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Proof of Concept Programme evaluation: rounds I to IV - final report


The Proof of Concept Programme was set up in 1999 to aid the commercialisation of innovation from Scotland's research institutions. The evaluation asked the following four questions: have the objectives originally set for the programme been met?; what have the programme's benefits been over the first six rounds of funding?; how have these benefits been generated?; and how can the programme be improved for the future?


The programme's benefits were evaluated using the standard Scottish Enterprise economic impact framework, which is designed to test substitution or leakage effects, displacement, deadweight and indirect and induced effects.


The benefits of the programme exceeded the costs of implementation; thereby demonstrating value for money. The future impact on Gross Value Added was also predicted to be substantial. The application process was commended, as were implementation and support mechanisms. It was concluded that outputs would most likely support sustained growth in commercialisation across the academic base, and that significant improvements had been made within academic institutions which supported commercialisation. Further, the programme is now used internationally as a best practice model.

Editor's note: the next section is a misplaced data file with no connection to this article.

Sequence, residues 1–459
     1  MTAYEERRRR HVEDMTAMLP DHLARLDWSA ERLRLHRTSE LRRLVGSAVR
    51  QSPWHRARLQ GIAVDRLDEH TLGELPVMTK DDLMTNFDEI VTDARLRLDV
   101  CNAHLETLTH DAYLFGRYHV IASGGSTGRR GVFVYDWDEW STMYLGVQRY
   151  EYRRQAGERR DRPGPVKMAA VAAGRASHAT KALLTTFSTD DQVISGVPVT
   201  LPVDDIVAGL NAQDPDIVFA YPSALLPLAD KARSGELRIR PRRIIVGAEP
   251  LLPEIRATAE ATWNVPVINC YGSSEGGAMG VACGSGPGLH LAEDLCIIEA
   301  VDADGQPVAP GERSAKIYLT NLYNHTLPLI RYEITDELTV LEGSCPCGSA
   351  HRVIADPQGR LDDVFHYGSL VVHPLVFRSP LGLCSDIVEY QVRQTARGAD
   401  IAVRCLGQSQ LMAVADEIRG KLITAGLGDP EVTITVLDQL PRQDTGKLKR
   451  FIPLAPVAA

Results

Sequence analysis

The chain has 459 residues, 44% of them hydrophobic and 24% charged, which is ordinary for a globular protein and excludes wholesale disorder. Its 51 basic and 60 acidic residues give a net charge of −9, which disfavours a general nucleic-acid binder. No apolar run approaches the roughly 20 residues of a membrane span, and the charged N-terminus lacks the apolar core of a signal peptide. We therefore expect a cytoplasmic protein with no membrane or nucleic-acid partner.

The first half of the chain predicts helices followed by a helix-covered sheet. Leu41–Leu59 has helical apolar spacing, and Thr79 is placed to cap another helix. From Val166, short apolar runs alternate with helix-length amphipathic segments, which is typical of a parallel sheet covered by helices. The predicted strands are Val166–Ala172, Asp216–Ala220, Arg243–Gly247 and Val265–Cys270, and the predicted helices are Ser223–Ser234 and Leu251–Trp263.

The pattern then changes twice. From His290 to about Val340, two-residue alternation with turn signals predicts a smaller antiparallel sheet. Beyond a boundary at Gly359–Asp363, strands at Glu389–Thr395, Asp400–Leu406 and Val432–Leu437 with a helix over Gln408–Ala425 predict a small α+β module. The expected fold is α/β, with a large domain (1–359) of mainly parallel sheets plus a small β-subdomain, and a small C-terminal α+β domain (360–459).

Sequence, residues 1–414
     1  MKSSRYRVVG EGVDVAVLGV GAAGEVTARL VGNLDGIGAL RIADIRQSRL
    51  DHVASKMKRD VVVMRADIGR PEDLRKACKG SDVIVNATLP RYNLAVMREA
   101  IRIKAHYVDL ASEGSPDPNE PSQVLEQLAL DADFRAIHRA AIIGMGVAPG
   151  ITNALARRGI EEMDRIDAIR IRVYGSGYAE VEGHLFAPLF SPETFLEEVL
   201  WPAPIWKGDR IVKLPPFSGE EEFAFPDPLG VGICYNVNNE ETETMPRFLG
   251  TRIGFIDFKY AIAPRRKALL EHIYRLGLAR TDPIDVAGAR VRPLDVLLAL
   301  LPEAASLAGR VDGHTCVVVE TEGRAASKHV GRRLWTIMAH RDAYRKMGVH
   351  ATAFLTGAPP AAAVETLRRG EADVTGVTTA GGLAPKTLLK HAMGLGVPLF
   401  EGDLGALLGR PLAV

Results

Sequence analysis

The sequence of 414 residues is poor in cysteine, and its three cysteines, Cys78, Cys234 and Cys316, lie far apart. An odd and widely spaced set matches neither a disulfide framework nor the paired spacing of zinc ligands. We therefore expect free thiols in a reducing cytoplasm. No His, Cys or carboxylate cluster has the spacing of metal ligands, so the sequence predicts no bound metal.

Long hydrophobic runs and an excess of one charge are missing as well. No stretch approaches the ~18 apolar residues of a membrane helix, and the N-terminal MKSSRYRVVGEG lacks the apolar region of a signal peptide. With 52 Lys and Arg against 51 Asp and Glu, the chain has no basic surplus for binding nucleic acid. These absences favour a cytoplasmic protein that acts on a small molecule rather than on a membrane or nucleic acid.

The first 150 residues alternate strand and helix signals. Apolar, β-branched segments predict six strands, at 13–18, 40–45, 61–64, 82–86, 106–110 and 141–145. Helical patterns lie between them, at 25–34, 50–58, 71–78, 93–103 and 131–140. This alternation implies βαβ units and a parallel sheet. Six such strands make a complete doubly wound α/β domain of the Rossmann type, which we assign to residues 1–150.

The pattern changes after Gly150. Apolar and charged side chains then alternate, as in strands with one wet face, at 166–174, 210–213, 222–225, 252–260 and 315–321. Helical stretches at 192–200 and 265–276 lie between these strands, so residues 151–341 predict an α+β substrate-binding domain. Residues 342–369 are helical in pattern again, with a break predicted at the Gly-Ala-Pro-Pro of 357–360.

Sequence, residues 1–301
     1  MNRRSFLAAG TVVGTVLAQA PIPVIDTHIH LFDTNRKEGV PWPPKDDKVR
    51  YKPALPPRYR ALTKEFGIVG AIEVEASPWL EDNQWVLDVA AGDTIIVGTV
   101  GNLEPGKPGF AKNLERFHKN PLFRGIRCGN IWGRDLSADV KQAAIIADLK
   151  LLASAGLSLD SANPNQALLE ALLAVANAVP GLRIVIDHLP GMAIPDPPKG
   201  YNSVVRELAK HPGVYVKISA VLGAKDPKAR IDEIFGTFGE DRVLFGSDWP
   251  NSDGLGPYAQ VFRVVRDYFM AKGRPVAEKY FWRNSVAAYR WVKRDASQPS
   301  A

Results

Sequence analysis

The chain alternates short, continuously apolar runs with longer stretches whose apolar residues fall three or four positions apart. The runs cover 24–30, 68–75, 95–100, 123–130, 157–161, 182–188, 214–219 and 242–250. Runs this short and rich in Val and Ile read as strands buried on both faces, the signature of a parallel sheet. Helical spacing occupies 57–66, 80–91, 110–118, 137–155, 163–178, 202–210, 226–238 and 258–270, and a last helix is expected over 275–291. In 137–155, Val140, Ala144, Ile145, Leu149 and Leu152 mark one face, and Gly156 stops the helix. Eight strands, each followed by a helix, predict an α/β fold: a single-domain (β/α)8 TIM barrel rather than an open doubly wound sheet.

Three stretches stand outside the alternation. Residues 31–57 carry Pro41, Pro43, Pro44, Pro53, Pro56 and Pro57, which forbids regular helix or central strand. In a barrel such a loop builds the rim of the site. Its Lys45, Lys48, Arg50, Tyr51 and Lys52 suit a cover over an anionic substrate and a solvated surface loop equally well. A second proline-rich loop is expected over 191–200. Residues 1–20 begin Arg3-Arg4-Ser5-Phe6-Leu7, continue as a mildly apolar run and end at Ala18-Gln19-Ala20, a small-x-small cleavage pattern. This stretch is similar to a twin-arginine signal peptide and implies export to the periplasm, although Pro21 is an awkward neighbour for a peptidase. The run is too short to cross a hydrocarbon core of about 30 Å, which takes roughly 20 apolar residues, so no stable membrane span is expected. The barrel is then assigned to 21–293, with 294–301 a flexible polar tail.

Several suggestions were made to improve the programme: a pre-programme support period for successful applicants may increase project successes; non-programme staff from Scottish Enterprise should reduce their input, thereby reducing costs; the programme should be tailored to suit participants' needs; the number of academic project applicants and private sector interest should be increased; and 'projects should be 'bundled' across similar themes and support needs to enhance outcomes and derive economies of scale.

Author PricewaterhouseCoopers LLP
Published Year 2009
Report Type Evaluation
  • Innovation
    Commercialisation, Innovation system